• Supply is down during the worst inventory shortage in decades
  • Median Sales Price reaches a record $353,000
  • Median days on market is up marginally compared to the frenzy of 2021

(April 15, 2022) – According to new data from Minneapolis Area REALTORS® and the Saint Paul Area Association of REALTORS®, the Twin Cities metro area set a new record median sales price of $353,000, a 7.5 percent increase from March 2021. Even though that’s the first time the metro-wide median price exceeded $350,000, the rate of increase is 30.0 percent less than it was a year ago. The ongoing inventory shortage is mostly to blame, although the 12.0 percent decline in housing inventory this March was far less than the 43.0 percent decline last March.

LISTINGS & SALES

Last month sellers listed 6,416 homes on the market, 4.8 percent fewer than March 2021, but 4.2 percent greater than 2019. Some aging empty nesters are staying put and aging in place while others have chosen to remodel or expand their current home instead of listing it. Many homeowners are “married” to their interest rates and are reluctant to give up their monthly payments given rising rates. Buyers signed 9.2 percent fewer purchase agreements than March of last year and closed on 10.4 percent fewer homes. The declines partly reflect the unique strength of the 2021 market but also possibly a reaction to increased mortgage rates.

The monthly payment on a $350,000 home with 10.0% down increases by $187 per month when rates move from 4.0 to 5.0 percent. “Some buyers are trying to get ahead of further rate increases,” said Denise Mazone, President of Minneapolis Area REALTORS®. “But the truth is that equity gains over time are likely to outpace the slightly higher payments.” Listings spent 10.3 percent fewer days on market than last March on average, after a 36.1 percent decline the year prior. But the median days on market showed a year-over-year increase for only the third time since September 2019. This could be a sign of a more balanced market. Yet sellers accepted offers 2.7 percent higher than their list price, on average.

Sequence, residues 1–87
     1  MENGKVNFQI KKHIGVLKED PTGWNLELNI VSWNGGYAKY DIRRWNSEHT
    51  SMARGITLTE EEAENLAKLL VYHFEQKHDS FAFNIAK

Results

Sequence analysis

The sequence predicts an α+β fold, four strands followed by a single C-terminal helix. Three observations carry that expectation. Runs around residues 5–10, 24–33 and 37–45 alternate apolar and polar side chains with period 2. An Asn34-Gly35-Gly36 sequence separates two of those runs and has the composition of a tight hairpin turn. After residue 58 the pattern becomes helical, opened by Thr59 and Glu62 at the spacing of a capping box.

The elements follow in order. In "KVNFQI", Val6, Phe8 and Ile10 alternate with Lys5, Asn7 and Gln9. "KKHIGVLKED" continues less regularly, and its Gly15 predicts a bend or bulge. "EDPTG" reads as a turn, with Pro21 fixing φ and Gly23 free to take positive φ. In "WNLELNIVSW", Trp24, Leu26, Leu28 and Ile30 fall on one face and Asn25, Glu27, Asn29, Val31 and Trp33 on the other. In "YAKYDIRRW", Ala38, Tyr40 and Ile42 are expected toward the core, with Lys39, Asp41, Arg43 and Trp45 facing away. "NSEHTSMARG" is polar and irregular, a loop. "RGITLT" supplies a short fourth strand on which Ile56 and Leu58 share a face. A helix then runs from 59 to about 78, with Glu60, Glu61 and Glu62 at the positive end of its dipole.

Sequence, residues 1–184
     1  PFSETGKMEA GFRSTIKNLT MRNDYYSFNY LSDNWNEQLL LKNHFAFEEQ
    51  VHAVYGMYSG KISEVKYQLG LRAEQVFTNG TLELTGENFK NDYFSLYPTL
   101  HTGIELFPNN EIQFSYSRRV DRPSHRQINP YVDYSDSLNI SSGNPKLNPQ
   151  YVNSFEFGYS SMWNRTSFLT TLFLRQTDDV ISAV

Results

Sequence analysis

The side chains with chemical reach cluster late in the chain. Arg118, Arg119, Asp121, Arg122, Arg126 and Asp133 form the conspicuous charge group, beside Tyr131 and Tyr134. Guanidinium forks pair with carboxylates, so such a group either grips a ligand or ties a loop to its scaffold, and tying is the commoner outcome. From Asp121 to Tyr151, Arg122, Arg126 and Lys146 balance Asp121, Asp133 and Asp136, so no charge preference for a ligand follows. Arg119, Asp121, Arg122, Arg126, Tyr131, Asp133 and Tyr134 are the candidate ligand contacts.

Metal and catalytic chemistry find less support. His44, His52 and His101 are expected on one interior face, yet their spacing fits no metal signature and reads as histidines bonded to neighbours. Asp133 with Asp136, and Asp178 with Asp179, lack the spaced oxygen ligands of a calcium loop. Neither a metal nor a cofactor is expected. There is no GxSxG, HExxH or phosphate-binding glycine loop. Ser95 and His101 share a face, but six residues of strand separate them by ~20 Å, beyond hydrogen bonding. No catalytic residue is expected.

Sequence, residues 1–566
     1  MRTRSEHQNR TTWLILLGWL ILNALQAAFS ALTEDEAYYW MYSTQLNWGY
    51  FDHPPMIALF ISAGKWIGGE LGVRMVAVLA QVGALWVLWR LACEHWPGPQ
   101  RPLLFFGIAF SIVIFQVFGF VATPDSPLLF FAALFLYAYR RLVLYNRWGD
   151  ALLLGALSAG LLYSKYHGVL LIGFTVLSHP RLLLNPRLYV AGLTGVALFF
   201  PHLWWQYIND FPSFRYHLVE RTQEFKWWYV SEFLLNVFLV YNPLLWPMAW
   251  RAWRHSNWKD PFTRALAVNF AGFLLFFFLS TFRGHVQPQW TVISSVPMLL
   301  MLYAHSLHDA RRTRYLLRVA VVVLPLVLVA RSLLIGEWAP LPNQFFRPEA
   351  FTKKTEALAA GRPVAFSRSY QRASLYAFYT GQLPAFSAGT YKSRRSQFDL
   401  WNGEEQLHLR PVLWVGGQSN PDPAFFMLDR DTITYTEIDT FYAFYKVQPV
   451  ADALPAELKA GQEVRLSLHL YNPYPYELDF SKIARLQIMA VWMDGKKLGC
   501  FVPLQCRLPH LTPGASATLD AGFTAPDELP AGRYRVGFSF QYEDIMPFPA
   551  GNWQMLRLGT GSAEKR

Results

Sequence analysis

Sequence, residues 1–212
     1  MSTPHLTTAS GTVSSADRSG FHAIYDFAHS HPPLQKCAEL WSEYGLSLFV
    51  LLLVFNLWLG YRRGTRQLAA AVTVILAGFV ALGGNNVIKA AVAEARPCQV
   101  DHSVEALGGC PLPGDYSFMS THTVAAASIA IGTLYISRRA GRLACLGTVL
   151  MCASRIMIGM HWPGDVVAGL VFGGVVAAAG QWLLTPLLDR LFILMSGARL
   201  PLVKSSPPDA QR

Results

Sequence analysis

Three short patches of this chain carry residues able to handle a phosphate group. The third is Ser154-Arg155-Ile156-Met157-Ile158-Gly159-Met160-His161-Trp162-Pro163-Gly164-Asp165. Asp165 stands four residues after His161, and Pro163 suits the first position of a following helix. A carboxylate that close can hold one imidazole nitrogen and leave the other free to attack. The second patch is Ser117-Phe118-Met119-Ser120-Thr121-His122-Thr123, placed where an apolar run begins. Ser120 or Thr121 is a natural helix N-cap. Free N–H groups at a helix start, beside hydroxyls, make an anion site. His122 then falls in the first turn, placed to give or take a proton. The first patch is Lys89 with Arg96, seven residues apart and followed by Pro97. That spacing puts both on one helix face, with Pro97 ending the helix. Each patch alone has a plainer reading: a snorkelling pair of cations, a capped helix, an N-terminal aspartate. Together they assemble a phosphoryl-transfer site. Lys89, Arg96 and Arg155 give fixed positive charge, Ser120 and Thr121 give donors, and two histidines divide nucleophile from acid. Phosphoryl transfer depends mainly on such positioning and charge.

HOME PRICES & INVENTORY

Home price are expected to continue rising given a chronically undersupplied market with strong demand, but perhaps at a lesser rate. The median price rose 7.5 percent to $353,000; the average price rose 7.0 percent to $409,754—both record highs. On average, buyers are spending about $200 per square foot. The Twin Cities presently has about four week’s supply of inventory (0.9 months), while a balanced market has roughly four to six months’ supply. But over a decade of underbuilding has meant steep competition for most listings. That coincides with a huge Millennial generation aging into prime homeownership years, not to mention the desire for more space for working and learning from home. Even though inventory levels were down, there are signs that supply is beginning to stabilize. “While inventory levels remain low, there are listings that come on market and go under contract quickly that don’t always show up in the month-end inventory count,” according to Mark Mason, President of the Saint Paul Area Association of REALTORS®.

LOCATION & PROPERTY TYPE

Market activity varies by area, price point and property type. New home sales rose 1.4 percent compared to a 10.5 percent dip for previously owned homes. Single family sales fell 9.3 percent while condo sales were down 5.3 percent. Sales in Minneapolis declined 8.8 percent while Saint Paul sales were down 18.2 percent. Hastings, Hugo and Lino Lakes saw the greatest increase in closed sales while Prior Lake, Richfield and Minnetonka saw sales fall by 35.0 percent or more.

MARCH 2022 BY THE NUMBERS (COMPARED TO A YEAR AGO)

  • Sellers listed 6,416 properties on the market, a 4.8 percent decrease from last March
  • Buyers signed 5,252 purchase agreements, down 9.2 percent (3,934 closed sales, down 10.4 percent)
  • Inventory levels fell 12.1 percent to 5,004 units
  • Month’s Supply of Inventory was down 10.0 percent to 0.9 months (4-6 months is balanced)
  • The Median Sales Price rose 7.5 percent to $353,000
  • Days on Market fell 10.3 percent to 35 days, on average (median of 12 days, up 9.1 percent from March 2021)
  • Changes in Sales activity varied by market segment
    • Single family sales decreased 9.3 percent; Condo sales fell 5.3 percent & townhouse sales declined 10.3 percent
    • Traditional sales were down 9.2 percent; foreclosure sales fell 6.9 percent; short sales were up 28.6 percent (from 7 to 9)
    • Previously owned sales dropped 10.5 percent; new construction sales rose 1.4 percent

MARCH 2022 HOUSING CHARTS

From The Skinny Blog.